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PREVIEW: Rex Richardson Symphony Pops at Dominion Energy Center 

Saturday, April 23

click to enlarge Spacebomb house composer and arranger Trey Pollard and Rex Richardson, professor of trumpet and jazz studies at VCU.
  • Spacebomb house composer and arranger Trey Pollard and Rex Richardson, professor of trumpet and jazz studies at VCU.

Rex Richardson’s Symphony Pops concert this weekend is a rare chance to see the RVA-based trumpet virtuoso the way the rest of the world typically sees him: As a soloist fronting an orchestral ensemble. His global reputation makes him a lighthouse talent for the VCU School of the Arts, where for the past two decades he’s been professor of trumpet and jazz studies.

It’s been a long time coming. Richardson’s last symphony concert here was in 2014. This one originally was scheduled for Feb. 27, 2020, but COVID would have required that the orchestra be downsized. “That didn’t fit my vision, so we asked that it be postponed,” Richardson recalls. It got pushed to April of this year.

The program features a combination of the familiar, orchestral arrangements of Duke Ellington/Billy Strayhorn standards, and new works written for Richardson by previous collaborator Dana Wilson and Spacebomb house composer/arranger Trey Pollard.

Pollard was well on the way to wide recognition as an orchestral composer/arranger by the time he played guitar on Richardson’s 2014 jazz record “Blue Shift.” His cinematic score for “It is You,” the astounding closer of Natalie Prass’ debut album, was a brilliant arrival. His ability to create sonic landscapes has enriched over 30 other releases from artists like the Waterboys, Foxygen, Helado Negro, Matthew E. White and Bedouine. His debut as a leader, “Antiphone,” demonstrated a mature facility with modern chamber music.

After his record with all this incredible string writing came out, [Pollard] “offered to write a piece for me,” Richardson says. “Thankfully, he was serious.”

This new concerto promises to be one of the highlights of the program.

“The music is about static structures juxtaposed against changing ones,” Pollard explains. “With the trumpet as the omnipotent voice that understands how they work together.”

Another highlight is a new concerto written by Dana Wilson, now retired from Ithaca College of Music where Richardson taught in his pre-VCU days. They’ve worked together multiple times, from solo works to the genre-bending concerto that appeared on Richardson’s “Magnum Opus [Summit].”

Wilson explains that writing for Richardson has such musicality and dexterity that is truly a pleasure to write for him. “Writing for trumpet can be tricky because [for most players] there are specific, limiting idiomatic considerations,” she says. “With Rex, you just write the music that you want to write, and he plays it. Most players can play quite high, but they don't have the control that he has, or the ability to jump from register to register. You don't need to make a piece athletic just because you can, but it can add to the expressivity if you have a wider palette and a wider range. He brings such a beautiful intense array of colors”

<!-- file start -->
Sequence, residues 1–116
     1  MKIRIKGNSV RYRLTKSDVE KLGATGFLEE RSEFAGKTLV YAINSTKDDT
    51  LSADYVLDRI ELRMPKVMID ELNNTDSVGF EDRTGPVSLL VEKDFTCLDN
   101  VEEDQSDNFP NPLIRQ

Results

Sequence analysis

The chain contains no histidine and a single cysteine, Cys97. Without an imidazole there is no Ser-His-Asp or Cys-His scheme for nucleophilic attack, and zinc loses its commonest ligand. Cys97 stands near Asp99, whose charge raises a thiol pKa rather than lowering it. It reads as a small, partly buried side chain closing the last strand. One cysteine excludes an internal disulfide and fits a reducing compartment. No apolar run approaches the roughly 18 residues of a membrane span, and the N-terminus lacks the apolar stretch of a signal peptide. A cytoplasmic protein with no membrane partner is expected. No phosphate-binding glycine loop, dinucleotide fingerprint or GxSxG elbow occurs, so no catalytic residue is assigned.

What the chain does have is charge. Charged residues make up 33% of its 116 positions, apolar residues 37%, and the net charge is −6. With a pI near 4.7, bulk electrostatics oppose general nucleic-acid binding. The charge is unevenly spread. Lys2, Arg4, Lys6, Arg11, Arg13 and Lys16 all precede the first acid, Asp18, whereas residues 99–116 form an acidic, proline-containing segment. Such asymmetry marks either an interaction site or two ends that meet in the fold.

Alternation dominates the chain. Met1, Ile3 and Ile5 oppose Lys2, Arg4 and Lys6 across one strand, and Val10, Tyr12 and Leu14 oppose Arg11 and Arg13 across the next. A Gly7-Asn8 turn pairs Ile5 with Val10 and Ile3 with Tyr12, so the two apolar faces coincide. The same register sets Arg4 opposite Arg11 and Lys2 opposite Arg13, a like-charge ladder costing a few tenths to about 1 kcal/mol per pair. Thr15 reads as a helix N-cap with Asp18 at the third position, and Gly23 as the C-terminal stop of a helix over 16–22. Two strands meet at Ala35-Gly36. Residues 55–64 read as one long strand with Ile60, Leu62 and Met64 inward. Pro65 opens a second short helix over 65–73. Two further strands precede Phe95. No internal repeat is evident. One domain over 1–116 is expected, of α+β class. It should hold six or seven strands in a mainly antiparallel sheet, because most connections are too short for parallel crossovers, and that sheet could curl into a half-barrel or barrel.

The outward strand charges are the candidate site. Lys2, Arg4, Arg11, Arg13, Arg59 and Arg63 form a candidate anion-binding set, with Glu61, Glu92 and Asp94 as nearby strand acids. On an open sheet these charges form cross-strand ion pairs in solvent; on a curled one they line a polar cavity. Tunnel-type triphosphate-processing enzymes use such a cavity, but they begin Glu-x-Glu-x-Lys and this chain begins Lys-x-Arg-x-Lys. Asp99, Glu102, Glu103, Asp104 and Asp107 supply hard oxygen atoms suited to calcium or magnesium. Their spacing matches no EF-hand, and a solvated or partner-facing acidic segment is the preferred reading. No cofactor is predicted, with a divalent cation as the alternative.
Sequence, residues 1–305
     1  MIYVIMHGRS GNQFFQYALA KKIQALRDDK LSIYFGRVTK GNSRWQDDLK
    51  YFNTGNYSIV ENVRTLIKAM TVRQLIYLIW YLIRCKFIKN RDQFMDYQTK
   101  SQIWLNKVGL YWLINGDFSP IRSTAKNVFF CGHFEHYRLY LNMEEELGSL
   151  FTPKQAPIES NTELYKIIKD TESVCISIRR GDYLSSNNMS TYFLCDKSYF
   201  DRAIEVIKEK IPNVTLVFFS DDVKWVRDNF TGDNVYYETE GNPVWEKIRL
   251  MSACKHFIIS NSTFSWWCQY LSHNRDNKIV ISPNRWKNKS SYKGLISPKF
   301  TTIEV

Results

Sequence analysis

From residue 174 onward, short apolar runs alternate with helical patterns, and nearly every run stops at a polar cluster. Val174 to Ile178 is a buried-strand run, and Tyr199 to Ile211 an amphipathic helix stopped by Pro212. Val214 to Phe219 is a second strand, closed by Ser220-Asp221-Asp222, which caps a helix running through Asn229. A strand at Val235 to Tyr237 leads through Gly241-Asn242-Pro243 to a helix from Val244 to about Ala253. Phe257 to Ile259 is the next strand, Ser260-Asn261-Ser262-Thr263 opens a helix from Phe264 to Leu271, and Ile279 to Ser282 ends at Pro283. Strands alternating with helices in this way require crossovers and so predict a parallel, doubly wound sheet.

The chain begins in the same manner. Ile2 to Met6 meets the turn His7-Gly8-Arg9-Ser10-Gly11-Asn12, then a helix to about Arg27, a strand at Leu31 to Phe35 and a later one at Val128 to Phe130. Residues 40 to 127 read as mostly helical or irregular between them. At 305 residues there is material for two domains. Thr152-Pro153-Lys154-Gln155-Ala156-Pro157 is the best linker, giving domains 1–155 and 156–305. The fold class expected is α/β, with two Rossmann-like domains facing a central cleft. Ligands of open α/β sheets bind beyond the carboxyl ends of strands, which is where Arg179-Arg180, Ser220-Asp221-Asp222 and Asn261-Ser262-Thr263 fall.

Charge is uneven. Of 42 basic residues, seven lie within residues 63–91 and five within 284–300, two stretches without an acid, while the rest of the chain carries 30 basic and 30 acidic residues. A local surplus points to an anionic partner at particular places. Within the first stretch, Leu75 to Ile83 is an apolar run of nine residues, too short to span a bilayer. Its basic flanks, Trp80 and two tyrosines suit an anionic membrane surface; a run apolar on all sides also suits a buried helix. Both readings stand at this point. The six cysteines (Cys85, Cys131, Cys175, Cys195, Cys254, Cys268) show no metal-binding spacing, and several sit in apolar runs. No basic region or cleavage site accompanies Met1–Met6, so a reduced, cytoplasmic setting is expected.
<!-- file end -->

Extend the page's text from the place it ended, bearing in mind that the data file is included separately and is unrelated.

click to enlarge Rex Richardson.
  • Rex Richardson.

Wilson’s new concerto also had a difficult path to performance in the COVID era.

“The debut was cancelled several times,” Richardson says. “Once at VCU and three times with the Tokyo Wind Symphony Orchestra. As far as I know, this will be the world premiere.”

Being a Pops concert, the program is not all adventurous new sonic cuisine. There is a sizable helping of classical orchestra-enhanced jazz. People can get their vitamins with the concertos, but they will also have the comfort food of the Ellington arrangements. “I’m sure we’ll do ‘Caravan’,” Richardson notes. “A rip-down the walls version.”

This section of the program will feature guest artist, famed saxophonist- and VCU alum- Steve Wilson, along with an excellent area band of pianist Russel Wilson, bassist Michael Hawkins, and drummer Kofi Shepsu.

Even the contemporary compositions are designed to be accessible to the general public.

“It’s not bleeps and bloops,” says Pollard. “I don’t especially like concert music that defies you to like it. I think people really get music, but they like to know where they are. I know a lot about music, but [with some modern music] I can be lost. I don’t like that feeling.”

On a long-deferred night of hometown performances from global talents, listeners will know exactly where they are.

Rex Richardson with the Richmond Symphony Orchestra, conducted by Daniel Myssyk, takes place at Dominion Energy Center on Saturday, April 23 at 8 p.m. Tickets $10-82.

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